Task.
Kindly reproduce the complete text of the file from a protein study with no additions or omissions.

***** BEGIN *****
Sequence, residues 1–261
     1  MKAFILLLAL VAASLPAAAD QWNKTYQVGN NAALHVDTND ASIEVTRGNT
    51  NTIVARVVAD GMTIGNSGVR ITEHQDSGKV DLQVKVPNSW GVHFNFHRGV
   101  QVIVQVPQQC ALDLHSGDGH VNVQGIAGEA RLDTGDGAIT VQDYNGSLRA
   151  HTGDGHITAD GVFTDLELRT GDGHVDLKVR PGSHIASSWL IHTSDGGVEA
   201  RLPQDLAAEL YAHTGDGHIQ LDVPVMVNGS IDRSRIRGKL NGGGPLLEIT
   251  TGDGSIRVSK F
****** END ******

Sequence, residues 1–261
     1  MKAFILLLAL VAASLPAAAD QWNKTYQVGN NAALHVDTND ASIEVTRGNT
    51  NTIVARVVAD GMTIGNSGVR ITEHQDSGKV DLQVKVPNSW GVHFNFHRGV
   101  QVIVQVPQQC ALDLHSGDGH VNVQGIAGEA RLDTGDGAIT VQDYNGSLRA
   151  HTGDGHITAD GVFTDLELRT GDGHVDLKVR PGSHIASSWL IHTSDGGVEA
   201  RLPQDLAAEL YAHTGDGHIQ LDVPVMVNGS IDRSRIRGKL NGGGPLLEIT
   251  TGDGSIRVSK F